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1970 World Tournament
South Gate, Cal. - July 25-Aug. 4, 1970

Permission granted by author, Gary T. Kline of
"The Official N.H.P.A. History of the World Tournament 1909-1980", Reflection Press, Dayton, Ohio
Gary T. Kline's book on past world tournament (before 1980) is recommended reading for any horseshoe pitching enthusiast. With his kind permission, we bring excerpts from his fabulous collection of data, to wit:

1970 World Tournament

After a lapse of seven years, the World Tournament returned to sunny California. The Southern California Association went all out in every way to make this a first class event. Three fabulous tours were arranged for the visitors. One was to Disneyland. Another was to Universal Movie Studios. And another was to the Fashion Mart.

The World Tournament Coordinator, Wally Shipley, had done an excellent job and would win the Arch Stokes Memorial A ward. Adding a special touch of class to the field were the fabled Ted Allen and Fernando Isais. Although both were now in the twilight of their careers, their charisma just put that special feeling to the quality of the group. Dale Dixon, "The Gray Goose", another legendary elder statesman, was making his last appearance in the championship showcase.

Nine rookies had dented this field. In their only appearance to date were Curt Bestel, Ralph Randall, Jonas Snyder, and Jim Ostrander.

Two of the rookies who would return were John Pratt and Monty Latino. Three great rookies would begin their march to the All Time Top 100.

The first was Ansil Copeland, Akron's most dangerous threat since World Champion George May. The second was Gerald Maison, addressed by his friends as "Doc", who would in his career manage to beat some of the great ones. Doc was one of three Michigan pitchers in this tournament, constituting the most since 1919! The third super rookie was Jesse Gonzales, the first and only known master of the tumble, commonly known as the flip method, to make the championship field in the history of the World Tournament. Jesse would be rookie of the year. Now on with the tournament.

For the purists among you, the reason each 36 man tournament is divided into sets of seven games is that this controls the repetitious listing of daily win-loss records. Also, the author does not have every World Tournament schedule - as no man alive has. This in no way changes the facts of each event and saves valuable space.

After seven games only Hohl and Kuchcinski were perfect. Hohl (90.0 percent) pasted Simmons, 50-11. Dan (90.0 percent) shelled Copeland, 54-13 and later with 90.5 percent throttled the great Isais, 50-9! Deadlocked at 6-1 were rookie Gonzales, high qualifier Kabel, State Champ West, State Champ Walker, and State Champ Knauft. Kabel fell to State Champ Kamman, 50-38. Walker was nipped by State Champ Toole, 50-45 Knauft was upset by Simmons, 50-46. West was surprised by rookie Maison. 51-4'5. Gonzales stumbled to the great Ted Allen, 50-47 in 120 shoes. Toole went down to West, 50-39 in 120 shoes. Floyd later edged Kamman, 51-49 in 126 shoes. Simmons measured Stinson, 50-38 in 128 shoes. Riffle shaded Knisley, 51-47 in their opening match.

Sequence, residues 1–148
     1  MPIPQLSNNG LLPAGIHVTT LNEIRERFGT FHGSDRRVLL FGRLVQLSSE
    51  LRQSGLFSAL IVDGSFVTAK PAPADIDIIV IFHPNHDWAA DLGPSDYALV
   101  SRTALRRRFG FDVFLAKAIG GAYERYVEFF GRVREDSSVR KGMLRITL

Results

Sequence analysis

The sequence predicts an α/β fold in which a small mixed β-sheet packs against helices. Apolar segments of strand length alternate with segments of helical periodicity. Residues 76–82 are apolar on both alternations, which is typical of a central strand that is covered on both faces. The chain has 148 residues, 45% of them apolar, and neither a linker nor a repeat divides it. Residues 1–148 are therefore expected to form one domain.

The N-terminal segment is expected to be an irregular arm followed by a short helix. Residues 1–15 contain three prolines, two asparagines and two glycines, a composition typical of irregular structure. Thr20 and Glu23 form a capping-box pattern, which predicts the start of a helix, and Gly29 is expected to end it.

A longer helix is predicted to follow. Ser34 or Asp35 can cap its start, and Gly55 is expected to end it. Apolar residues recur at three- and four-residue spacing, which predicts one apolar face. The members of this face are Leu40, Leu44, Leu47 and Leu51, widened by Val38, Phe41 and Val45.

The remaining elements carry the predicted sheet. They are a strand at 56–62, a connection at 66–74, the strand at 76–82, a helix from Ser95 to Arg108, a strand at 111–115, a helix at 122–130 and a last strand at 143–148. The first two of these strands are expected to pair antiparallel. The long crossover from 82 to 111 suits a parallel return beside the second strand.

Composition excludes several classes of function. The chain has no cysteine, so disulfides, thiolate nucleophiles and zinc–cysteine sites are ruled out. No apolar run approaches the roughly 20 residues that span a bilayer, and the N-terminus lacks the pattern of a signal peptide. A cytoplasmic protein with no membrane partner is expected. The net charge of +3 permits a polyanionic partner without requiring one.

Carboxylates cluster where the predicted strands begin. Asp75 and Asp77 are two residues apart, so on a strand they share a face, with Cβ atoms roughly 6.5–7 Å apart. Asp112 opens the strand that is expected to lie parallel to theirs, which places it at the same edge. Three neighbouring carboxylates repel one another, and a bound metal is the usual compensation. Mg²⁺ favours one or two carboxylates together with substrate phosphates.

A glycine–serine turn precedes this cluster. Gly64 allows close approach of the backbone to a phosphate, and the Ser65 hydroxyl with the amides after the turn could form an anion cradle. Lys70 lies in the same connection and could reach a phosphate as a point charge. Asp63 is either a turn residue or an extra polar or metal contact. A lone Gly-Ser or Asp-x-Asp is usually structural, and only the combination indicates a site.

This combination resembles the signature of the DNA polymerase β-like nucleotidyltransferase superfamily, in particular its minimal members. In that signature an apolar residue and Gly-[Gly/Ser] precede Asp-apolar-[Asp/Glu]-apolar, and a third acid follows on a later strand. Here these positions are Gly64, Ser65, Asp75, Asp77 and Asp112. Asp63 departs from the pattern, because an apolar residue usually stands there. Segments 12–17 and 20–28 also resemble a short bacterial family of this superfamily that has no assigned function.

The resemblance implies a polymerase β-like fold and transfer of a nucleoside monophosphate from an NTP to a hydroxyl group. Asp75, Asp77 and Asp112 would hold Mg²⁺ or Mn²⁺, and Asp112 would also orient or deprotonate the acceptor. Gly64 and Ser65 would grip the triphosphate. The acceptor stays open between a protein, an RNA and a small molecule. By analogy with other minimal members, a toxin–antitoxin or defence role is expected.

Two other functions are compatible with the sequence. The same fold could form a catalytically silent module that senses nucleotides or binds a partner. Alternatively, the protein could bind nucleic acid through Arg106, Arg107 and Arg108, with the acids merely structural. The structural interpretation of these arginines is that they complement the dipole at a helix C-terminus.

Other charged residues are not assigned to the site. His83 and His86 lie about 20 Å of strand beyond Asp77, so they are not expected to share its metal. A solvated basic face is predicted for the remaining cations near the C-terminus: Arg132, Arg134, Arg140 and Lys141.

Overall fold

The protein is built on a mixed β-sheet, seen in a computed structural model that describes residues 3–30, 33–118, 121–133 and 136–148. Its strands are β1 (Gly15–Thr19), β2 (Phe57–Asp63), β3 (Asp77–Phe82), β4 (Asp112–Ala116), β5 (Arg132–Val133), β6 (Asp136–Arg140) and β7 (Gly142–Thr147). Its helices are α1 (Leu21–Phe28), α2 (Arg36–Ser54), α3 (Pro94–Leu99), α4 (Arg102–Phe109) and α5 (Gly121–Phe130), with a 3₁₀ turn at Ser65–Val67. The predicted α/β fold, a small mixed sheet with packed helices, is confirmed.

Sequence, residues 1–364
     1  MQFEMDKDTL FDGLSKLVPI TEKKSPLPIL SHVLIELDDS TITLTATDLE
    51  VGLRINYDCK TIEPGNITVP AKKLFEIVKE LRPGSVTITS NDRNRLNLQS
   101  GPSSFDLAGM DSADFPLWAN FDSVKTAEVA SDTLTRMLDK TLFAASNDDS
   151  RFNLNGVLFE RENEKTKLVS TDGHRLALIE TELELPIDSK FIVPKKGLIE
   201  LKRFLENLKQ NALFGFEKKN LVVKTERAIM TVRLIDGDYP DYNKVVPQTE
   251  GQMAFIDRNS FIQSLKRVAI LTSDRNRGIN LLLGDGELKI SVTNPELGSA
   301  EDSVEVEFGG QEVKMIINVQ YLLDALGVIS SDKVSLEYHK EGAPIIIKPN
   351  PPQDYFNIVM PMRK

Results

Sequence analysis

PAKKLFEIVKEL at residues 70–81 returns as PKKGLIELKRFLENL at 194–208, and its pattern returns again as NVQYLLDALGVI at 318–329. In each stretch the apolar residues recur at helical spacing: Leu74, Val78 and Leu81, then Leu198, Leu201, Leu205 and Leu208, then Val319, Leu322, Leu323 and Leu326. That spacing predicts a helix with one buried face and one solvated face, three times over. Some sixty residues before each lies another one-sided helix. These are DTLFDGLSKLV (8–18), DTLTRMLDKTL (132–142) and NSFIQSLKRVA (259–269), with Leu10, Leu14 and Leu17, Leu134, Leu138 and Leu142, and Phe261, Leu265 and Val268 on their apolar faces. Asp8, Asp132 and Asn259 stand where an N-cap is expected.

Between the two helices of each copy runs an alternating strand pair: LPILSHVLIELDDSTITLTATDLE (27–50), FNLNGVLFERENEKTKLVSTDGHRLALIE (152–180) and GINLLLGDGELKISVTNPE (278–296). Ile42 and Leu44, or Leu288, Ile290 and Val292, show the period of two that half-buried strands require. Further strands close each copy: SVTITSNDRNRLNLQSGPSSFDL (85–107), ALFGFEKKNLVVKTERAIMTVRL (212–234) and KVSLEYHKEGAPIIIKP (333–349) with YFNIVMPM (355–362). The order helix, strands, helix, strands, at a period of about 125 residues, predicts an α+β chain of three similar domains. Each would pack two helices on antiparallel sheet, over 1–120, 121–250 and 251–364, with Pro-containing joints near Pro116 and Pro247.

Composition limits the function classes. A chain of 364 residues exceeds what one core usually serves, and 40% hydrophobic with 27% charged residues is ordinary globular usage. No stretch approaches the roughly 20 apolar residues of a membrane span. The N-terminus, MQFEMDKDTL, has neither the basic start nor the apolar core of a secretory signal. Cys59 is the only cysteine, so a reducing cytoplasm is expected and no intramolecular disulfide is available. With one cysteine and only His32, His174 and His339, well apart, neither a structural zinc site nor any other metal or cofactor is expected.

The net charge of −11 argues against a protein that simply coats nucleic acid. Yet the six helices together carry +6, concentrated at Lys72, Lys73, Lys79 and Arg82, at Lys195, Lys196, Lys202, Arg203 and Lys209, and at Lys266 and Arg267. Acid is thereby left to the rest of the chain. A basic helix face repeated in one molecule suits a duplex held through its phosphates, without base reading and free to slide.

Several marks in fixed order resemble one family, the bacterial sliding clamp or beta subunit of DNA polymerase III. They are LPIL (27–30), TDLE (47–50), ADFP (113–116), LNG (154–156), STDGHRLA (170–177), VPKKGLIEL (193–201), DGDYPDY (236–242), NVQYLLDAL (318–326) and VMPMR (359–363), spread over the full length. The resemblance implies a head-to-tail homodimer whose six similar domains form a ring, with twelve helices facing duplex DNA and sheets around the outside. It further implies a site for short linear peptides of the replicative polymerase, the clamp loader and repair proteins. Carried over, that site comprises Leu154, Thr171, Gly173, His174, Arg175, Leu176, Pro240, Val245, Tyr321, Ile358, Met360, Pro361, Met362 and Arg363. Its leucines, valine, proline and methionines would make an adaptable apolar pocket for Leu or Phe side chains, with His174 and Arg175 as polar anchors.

After 14 games Elmer and Dan remained tied with no losses. Elmer went 110 shoes to turn back State Champ Smith, 50-42. Dan (91.2 percent) smashed Maison, 55-7 and later massacred Stout, 51-4 with 94.7 percent. Dan had now won 49 straight! At 12-2 were Gonzales, State Champ Baker, Kabel, Knauft, and West. Walker was 11-3. John was tipped by Riffle, 50-49 and by Maison, 52-34. West was nudged by Potts, 50-45. Knauft was taken by Isais, 50-45. Kabel was bopped by Henton, 51-32. Gonzales was downed by Isais, 54-45. John Pratt in game 14 captured his first win with his best game of the tournament. He pitched a fine 81.2 percent while upending Manker, 52-32. In game 10, Rademacher won his first game, 51-41, over Ostrander. Isais dropped two close ones; 54-48 to Riffle and 50-49 to Henton. Martz ran his winning streak to a modest nine.

After 21 games Hohl and Kuchcinski still remained perfect. Elmer knocked off Walker, 52-30 in 114 shoes. Dan (94.4 percent) thumped Ostrander, 54-6 and next game buried Snyder, 55-2 with 90.6 percent. No one had yet scored 40 points on Dan as his streak climbed to 56! At 18-3 were Kabel and Knauft. Henry (84.7 percent) outdid Wilbur (81.1 percent), 51-38 in 138 shoes. Henry was edged by Knisley, 51-48. West faded to 17-4, losing to Copeland, 52-43 and next to Henton, 51-42. Walker (85.7 percent) subdued Henton (82.5 percent) by a score of 5544 in 126 shoes. Riffle won in another squeaker, 51-49 over Baker. Martz bested Stinson, 50-42 in 126 shoes. Knisley was shaded by Latino, 50-49. Martz's streak was ended at 12 by West, 50-23. In game 16, Latino broke into the win column, 51-12 over Pratt. Monty pitched 86.4 percent, his tourney best. McFarland, the last man to finally win, caught Dixon in the throes of an 18 game losing streak, winning 52-24. In game 18, Ted Allen and Fernando Isais, two of the greatest superstars that horseshoe pitching has ever known, met for the final time. Fernando topped Ted, 50-29, ending their World Tournament showdowns after 23 games. Fernando held the lifetime advantage of 14 victories to Ted's nine. Probably horseshoe pitching's greatest rivalry had ended!